News Bureau | University of Illinois

NewsBureauillinois
University of Illinois at Urbana-Champaign logo

Archives

2000 | 2001 | 2002 | 2003 | 2004 | 2005 | 2006 | 2007 | 2008
Email to a friend envelope icon for send to a friend

Carl Woese wins the Crafoord Prize in Biosciences, given by the Royal Academy


Jim Barlow, Life Sciences Editor
(217) 333-5802; b-james3@illinois.edu

2/13/2003

Carl R. Woese
Photo by Bill Wiegand
Carl R. Woese has been honored by the Royal Swedish Academy of Sciences with the Crafoord Prize in Biosciences.

CHAMPAIGN, Ill. – Microbiologist Carl R. Woese today won the $500,000 Crafoord Prize in Biosciences given by the Royal Swedish Academy of Sciences. The annual prize marks accomplishments in scientific fields not covered by the Nobel Prizes in science, which the academy also selects. The king of Sweden will present the prize to Woese Sept. 24 in Stockholm.

Woese (pronounced WOHS) was honored for "his discovery of a third domain of life," the academy said.

Woese, the Stanley O. Ikenberry Endowed Chair at the University of Illinois at Urbana-Champaign, changed the way scientists classify life on Earth by his discovery of the archaea.

Woese joined the Illinois faculty in 1964 after working at Yale University (1955-60), General Electric Research Laboratory (1960-63) and the Pasteur Institute in Paris (1962).

In 1977, in collaboration with U. of I. microbiologist Ralph S. Wolfe, Woese overturned one of the major dogmas of biology. Until that time, biologists had taken for granted that all life on Earth belonged to one of two primary lineages, the eukaryotes (which include animals, plants, fungi and certain unicellular organisms such as paramecia) and the prokaryotes (all remaining microscopic organisms).

Woese and Wolfe showed that there are three primary lineages. Within the prokaryotes, there exist two distinct groups of organisms no more related to one another than they were to eukaryotes.

The new group of organisms – the archaea (pronounced ARE-kee-uh) – is very simple in its genetic makeup and tends to exist in "extreme" environments, niches devoid of oxygen and whose temperatures can be near or above the normal boiling point of water. Such conditions are reminiscent of what is considered to have been the early environment on Earth.

These simple microorganisms offer insights into the nature and evolution of cells, Woese has said. Because of Woese’s work, scientists now recognize three primary divisions of living systems, called eukaryotes, archaea and bacteria. The method Woese used to identify this "third form of life," which involved comparing the sequences of a particular molecule central to cellular function, called ribosomal RNA, has become the standard approach used to identify and classify all microorganisms.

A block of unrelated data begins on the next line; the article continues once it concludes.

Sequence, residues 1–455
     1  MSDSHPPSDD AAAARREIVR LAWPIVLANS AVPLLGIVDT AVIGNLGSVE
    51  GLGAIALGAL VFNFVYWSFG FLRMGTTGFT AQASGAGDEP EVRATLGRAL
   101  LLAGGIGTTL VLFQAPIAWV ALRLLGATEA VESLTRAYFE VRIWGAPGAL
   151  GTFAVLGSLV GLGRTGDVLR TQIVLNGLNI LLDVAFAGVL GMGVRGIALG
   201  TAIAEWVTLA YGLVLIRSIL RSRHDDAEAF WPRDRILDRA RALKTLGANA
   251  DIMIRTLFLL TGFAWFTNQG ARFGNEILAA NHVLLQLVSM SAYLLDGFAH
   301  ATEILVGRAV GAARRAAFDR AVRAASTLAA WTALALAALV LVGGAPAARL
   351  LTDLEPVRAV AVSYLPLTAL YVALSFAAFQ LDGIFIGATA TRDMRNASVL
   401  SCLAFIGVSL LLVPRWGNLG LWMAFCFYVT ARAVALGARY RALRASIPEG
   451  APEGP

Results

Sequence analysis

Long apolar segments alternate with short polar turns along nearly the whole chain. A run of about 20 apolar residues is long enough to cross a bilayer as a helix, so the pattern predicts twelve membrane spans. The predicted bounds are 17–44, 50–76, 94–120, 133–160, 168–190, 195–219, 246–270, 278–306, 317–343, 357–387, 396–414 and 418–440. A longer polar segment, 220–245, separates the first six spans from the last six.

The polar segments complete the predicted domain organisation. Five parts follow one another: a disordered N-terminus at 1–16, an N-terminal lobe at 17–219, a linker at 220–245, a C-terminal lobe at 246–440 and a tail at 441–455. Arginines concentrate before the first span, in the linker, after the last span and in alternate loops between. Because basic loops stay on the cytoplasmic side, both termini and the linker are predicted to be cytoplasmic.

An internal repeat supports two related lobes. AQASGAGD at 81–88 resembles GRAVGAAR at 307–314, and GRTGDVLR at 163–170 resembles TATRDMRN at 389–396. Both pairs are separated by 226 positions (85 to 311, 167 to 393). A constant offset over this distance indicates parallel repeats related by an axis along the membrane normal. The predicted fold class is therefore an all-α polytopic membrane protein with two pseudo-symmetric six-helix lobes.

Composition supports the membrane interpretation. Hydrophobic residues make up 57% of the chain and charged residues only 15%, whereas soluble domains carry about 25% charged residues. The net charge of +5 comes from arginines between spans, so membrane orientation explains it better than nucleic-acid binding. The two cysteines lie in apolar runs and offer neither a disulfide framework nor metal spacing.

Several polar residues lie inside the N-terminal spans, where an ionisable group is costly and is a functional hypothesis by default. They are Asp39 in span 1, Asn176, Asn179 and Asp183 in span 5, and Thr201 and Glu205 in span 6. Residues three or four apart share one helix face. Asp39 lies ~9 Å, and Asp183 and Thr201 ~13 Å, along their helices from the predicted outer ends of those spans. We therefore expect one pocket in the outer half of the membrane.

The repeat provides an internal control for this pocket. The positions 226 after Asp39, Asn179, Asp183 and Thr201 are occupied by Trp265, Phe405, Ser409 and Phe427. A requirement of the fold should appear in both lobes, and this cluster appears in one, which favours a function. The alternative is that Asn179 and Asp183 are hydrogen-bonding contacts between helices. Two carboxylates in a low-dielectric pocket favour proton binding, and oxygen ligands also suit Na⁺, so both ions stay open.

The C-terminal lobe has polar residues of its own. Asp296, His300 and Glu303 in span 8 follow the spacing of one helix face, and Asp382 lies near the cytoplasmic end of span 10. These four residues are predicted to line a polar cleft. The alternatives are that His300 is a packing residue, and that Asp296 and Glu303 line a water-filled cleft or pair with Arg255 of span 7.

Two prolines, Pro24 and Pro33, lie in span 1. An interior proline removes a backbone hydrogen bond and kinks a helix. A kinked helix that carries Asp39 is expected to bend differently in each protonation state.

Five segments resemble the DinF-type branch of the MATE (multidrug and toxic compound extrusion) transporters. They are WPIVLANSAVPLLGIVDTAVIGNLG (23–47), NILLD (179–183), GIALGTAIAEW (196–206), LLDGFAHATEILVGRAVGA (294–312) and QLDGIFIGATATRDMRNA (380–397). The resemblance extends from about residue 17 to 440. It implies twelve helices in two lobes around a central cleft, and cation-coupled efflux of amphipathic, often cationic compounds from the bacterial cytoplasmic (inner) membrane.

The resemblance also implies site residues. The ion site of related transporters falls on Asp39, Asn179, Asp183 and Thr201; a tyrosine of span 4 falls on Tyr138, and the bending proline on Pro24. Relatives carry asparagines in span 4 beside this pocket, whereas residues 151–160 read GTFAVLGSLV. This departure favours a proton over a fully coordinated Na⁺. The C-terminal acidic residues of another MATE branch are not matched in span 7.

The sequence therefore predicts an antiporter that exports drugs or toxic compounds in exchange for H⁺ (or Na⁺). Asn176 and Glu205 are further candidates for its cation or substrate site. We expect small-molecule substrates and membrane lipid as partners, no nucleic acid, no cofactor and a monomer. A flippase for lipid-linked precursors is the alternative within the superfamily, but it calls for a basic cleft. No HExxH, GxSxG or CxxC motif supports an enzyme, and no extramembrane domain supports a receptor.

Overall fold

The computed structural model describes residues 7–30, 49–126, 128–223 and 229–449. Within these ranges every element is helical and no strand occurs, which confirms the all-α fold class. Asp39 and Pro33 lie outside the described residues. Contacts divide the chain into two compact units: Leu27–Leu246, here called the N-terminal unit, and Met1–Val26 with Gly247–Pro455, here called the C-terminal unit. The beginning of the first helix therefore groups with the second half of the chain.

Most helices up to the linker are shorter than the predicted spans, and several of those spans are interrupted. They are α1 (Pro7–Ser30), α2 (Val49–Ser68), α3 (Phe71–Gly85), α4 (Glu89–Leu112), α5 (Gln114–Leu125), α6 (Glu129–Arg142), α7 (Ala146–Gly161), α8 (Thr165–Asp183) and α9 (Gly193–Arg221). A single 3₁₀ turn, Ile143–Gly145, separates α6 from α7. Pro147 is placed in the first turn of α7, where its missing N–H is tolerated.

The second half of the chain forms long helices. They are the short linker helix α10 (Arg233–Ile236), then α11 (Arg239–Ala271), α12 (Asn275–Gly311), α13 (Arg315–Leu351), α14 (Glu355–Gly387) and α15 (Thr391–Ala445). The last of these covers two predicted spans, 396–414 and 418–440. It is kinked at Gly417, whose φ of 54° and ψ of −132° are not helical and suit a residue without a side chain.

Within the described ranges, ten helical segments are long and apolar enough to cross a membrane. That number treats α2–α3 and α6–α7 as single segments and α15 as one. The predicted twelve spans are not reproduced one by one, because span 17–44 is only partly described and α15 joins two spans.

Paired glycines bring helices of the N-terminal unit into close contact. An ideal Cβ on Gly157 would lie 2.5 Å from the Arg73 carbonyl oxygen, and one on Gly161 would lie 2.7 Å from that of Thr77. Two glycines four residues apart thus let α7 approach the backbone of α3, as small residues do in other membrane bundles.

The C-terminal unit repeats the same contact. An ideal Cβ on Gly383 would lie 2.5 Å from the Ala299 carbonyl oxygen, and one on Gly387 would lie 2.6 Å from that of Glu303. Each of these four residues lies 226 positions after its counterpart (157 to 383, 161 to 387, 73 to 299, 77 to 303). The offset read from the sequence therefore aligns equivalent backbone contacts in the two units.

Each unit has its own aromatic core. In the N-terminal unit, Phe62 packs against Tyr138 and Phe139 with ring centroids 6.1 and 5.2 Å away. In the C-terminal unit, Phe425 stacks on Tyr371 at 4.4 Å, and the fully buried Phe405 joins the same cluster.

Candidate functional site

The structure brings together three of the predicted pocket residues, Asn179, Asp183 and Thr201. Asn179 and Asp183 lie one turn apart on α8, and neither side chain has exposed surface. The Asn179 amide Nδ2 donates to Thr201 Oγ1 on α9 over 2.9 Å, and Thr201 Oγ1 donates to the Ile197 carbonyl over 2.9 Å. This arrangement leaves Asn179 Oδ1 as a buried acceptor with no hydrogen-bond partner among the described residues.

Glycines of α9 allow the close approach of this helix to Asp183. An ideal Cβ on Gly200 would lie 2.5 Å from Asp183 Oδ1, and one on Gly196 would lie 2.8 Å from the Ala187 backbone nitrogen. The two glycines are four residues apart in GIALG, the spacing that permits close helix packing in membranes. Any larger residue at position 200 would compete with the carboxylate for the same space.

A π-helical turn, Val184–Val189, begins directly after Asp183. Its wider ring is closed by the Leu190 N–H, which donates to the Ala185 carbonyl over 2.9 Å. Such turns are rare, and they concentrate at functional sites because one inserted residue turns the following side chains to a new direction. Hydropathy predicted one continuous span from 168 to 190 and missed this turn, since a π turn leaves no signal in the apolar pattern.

In August 1996, Woese and colleagues (U. of I. professor Gary Olsen and researchers from The Institute for Genomic Research) published in the journal Science the first complete genome structure of an archaeon. Based on their work on Methanococcus janaschi, they concluded that the archaea are more closely related to humans than to bacteria. "The archaea are related to us, to the eukaryotes; they are descendants of the microorganisms that gave rise to the eukaryotic cell billions of years ago," Woese said at the time.

In a June 1998 issue of the Proceedings of the National Academy of Sciences, Woese proposed a theory of the universal ancestor, based on a genetic annealing model in which lateral gene transfer played a major role. He wrote: "The universal ancestor is not a discrete entity. It is, rather, a diverse community of cells that survives and evolves as a biological unit. This communal ancestor has a physical history but not a genealogical one. Over time, this ancestor refined into a smaller number of increasingly complex cell types with the ancestors of the three primary groupings of organisms arising as a result."

In the same journal in June 2002, Woese refined his theory, arguing that life did not begin with one primordial cell. Instead, he said there were initially at least three simple types of loosely constructed cellular organizations swimming in a pool of genes, evolving in a communal way that aided one another in bootstrapping into the three distinct types of cells by sharing through lateral gene transfer their evolutionary inventions.

Woese received a "genius" research award in 1984 from the John D. and Catherine T. MacArthur Foundation. He was elected into the National Academy of Sciences in 1988, and in 1992 was the 12th recipient of microbiology’s highest honor, the Leeuwenhoek Medal, given each decade by the Dutch Royal Academy of Science in the name of Antonie van Leeuwenhoek, inventor of the microscope and discoverer of the microbial world. In 1989, Woese was appointed to the Center for Advanced Study, the highest faculty recognition of the Urbana-Champaign campus.

Woese was born July 15, 1928, in Syracuse, N.Y. He earned his bachelor’s degree in math and physics in 1950 from Amherst College and a doctorate in biophysics in 1953 from Yale University.

Ann-Greta and Holger Crafoord’s Fund was established in 1980 to promote basic research in mathematics, astronomy, the biosciences (particularly ecology), the geosciences and polyarthritis. The first Crafoord Prize was given in 1982. Holger Crafoord was the inventor of the artificial kidney.